Kiwanis Music Festival on to something with changes

Kiwanis Music Festival on to something with changes

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Back in January, after celebrating its 50th anniversary last year, the Kingston Kiwanis Music Festival announced it would be making a number of changes.

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One of those changes was to start a month later so that winter weather wouldn’t affect participation.

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Another was to update the syllabus: adult classes for all voice and instrumental disciplines were to be added and, while the classical repertoire would continue, there would now be additional classes for contemporary and popular music.

A strategic review of the festival found that it should “seek wider engagement within our community,” specifically local school boards and other local music organizations.

If participation in the 2024 is any indication, the festival is on to something: there were 38 per cent more registrations — from 343 to 474 — this year than last.

To accommodate the drastic increase, the festival took place in 10 different locations around the city in the past three weeks, and will finish at the Isabel Bader Centre for the Performing Arts Tuesday evening with its annual “Highlights Concert” featuring this year’s award winners.

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The concert runs from 7 to 9 p.m. and will be hosted by Mark Sirett, the founder of Cantabile Choirs of Kingston and a member of the Order of Canada. Admission is by donation.

While the festival saw a jump in the number of participants, it’s also who those participants were that reflected  their goal of community outreach.

For example, the festival participated in a joint initiative with Orchestra Kingston and Queen’s University. The result was the new “concerto competition,” involving strings and piano, that took place at Harrison-LeCaine Hall on the Queen’s University campus earlier this month.

As well, this year a festival adjudicator visited the junior choirs organized by Sistema Kingston, which provides after-school music programs to students who may not have the opportunity to do so otherwise, at Molly Brant Public School and St. Thomas More Catholic School. It’s hoped Sistema will fully participate in the coming years.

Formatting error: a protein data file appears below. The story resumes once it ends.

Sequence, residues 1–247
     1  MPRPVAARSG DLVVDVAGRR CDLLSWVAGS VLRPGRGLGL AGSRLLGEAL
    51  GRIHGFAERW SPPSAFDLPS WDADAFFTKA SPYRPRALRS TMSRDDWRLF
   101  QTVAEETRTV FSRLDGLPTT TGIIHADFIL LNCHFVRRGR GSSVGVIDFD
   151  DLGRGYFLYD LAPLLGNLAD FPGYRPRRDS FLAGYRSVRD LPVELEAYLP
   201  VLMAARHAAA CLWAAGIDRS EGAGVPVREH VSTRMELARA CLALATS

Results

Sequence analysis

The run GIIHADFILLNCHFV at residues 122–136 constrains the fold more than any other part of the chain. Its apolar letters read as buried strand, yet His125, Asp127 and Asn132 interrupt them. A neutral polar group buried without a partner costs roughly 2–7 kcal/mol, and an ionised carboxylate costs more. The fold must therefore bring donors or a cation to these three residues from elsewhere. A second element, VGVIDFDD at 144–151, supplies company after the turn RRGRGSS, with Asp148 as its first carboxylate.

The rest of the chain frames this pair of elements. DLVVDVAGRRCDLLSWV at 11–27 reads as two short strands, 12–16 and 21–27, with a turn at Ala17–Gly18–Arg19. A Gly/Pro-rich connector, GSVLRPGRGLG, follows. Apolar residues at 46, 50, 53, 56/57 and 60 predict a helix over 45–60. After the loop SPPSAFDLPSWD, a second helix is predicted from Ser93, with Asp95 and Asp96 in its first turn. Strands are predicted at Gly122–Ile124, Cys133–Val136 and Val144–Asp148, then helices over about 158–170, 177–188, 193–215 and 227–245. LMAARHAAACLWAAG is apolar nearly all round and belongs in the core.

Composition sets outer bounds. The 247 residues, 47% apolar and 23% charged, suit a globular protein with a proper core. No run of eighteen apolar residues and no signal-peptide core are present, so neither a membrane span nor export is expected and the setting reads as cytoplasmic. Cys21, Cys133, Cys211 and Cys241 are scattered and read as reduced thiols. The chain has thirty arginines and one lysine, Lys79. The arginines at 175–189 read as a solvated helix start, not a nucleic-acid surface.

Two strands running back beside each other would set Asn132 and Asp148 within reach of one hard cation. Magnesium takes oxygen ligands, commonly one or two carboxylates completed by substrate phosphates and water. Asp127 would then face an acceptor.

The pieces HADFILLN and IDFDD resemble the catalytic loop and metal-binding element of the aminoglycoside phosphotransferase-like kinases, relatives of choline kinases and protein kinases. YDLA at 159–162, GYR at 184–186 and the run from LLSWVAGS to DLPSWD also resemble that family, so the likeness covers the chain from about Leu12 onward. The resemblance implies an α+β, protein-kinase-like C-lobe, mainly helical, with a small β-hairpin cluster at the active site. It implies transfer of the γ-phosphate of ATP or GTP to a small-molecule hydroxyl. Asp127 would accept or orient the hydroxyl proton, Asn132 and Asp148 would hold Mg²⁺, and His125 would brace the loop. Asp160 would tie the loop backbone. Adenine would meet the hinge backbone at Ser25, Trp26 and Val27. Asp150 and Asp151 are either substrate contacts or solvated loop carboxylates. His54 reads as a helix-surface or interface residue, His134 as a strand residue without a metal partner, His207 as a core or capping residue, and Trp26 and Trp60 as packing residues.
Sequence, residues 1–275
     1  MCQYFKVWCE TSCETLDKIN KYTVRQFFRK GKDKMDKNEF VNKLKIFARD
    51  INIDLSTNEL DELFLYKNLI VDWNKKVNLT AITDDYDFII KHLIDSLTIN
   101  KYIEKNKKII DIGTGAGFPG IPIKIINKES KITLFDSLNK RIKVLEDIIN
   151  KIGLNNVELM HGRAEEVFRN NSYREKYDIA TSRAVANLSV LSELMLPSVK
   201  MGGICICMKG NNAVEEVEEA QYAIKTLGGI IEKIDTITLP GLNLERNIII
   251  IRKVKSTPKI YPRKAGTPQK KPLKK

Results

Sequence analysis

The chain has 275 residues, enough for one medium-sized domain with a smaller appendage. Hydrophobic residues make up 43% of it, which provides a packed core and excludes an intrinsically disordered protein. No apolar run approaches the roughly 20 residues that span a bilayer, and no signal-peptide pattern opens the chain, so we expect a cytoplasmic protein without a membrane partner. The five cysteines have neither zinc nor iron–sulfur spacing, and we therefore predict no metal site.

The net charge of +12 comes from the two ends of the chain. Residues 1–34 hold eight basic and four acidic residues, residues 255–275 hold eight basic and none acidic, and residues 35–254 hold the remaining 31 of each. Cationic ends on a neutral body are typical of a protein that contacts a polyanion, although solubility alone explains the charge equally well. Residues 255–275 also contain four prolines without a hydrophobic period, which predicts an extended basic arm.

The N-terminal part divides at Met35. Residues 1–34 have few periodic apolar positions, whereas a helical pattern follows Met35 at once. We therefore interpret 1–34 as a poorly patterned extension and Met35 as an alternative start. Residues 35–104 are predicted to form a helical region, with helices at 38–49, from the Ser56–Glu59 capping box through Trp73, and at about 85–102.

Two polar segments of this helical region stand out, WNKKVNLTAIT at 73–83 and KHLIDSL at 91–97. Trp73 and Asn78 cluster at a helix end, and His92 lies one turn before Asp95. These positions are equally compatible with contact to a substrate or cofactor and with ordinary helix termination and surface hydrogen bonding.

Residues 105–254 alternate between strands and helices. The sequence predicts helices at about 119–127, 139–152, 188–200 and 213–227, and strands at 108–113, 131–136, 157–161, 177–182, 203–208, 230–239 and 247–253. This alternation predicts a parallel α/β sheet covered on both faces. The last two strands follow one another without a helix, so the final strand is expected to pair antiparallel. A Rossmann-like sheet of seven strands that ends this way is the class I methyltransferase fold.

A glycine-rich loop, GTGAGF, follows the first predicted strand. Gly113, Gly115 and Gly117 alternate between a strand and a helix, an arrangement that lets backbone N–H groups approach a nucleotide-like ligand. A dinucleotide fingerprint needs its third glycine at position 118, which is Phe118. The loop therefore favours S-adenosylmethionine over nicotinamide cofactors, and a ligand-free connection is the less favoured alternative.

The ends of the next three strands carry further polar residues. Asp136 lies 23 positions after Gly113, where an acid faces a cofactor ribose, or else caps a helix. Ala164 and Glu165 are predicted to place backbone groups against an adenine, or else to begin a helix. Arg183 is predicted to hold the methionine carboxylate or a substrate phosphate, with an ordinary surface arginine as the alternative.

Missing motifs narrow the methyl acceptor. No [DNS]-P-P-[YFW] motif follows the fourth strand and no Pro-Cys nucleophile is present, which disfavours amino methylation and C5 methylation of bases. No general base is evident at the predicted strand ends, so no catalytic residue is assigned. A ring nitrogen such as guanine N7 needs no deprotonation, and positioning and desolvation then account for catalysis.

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And the festival has also connected with St. Lawrence Place. Some of its residents will be attending Tuesday’s concert and will welcome performers into the downtown retirement home in June.

The Kingston Kiwanis Music Festival’s “Highlights Concert” takes place inside the performance hall of the Isabel Bader Centre for the Performing Arts on Tuesday, April 30, from 7 to 9 p.m.

The Kingston Symphony Orchestra wraps up its 2023-24 season Sunday afternoon with its now-annual composer festival. This year, it’s Pyotr Ilyich Tchaikovsky, and the orchestra will be performing his second and fourth symphonies. The concert, which starts at 2:30 p.m. at the Isabel Bader Centre for the Performing Arts, is already sold out.

April is jazz appreciation month, and there will be plenty of opportunities to appreciate it before May 1 rolls around. Not only that, but the performances are free thanks to the Music Performance Trust Fund.

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It starts Thursday with a 7 p.m. performance by the Dan Douglas Quintet at BluMartini.

On Friday, the 20th Century Jazz Band will be back in Monte’s — there was an impressive crowd when they played there a few weeks ago — from 7 to 9 p.m. Inner Harbour, meanwhile, will be performing at Miss Bao, 286 Princess St., from 8 to 10 p.m.

Sunday will be a particularly busy day. Running from 1 p.m. until 11 at BluMartini, you can see performances by Ducks on Ice, Smooth Jazz Syndicate, Myers Jazz Quintet, Inner Harbour, Spencer Evans Trio, Dave Barton Trio, Chantal Thompson, ChetGPT and Michael Broadhead.

That same afternoon, over at the Spire, it will be the Howard Lopez Music Group performing at 2.

Jazz appreciation month wraps up Monday with Inner Harbour performing at the RCHA Club at 7 p.m.

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Remember, all of these shows are free.

While the RCHA Club will host jazz Monday night, Friday night belongs to the blues. That’s when the Memphis-born Ghost Town Blues Band will be performing.

Tickets for that show, which starts at 8 p.m., are $30 apiece. Tickets are available at the club or through the Kingston Blues Society.

Saturday night, meanwhile, it’ll be the always-popular Big Phat Horn Band performing its monthly show.

There are some other interesting concerts happening this week.

At the Broom Factory, it’ll be Montreal’s Land of Talk performing an all-ages show Thursday. It starts at 7:30 p.m. with opener Hua Li. Friday evening sees Teenage Kicks — the other band of Glorious Sons bassist Peter van Helvoort — perform along with local openers the Astros and Forty-Seven Teeth. It, too, is an all-ages show and starts at 7:30 p.m. Cover is $15.

At the Grand Theatre, you can see the Stampeders perform on Monday evening and then Marc Jordan and Amy Sky Wednesday evening. Tickets for the Stampeders show are $79.50 plus HST and handling fee, while ones for Jordan and Sky are $63.27-plus. Both shows start at 7:30 p.m.

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Kiwanis Music Festival
Adjudicator Amanda Brunk talks with the Sistema Choir at Molly Brant Public School after its performance at the 2024 Kiwanis Music Festival. This year, the adjudicator was brought to the choirs to solve a transportation problem for the Sistema after-school music program. Photo by Joe Tessier

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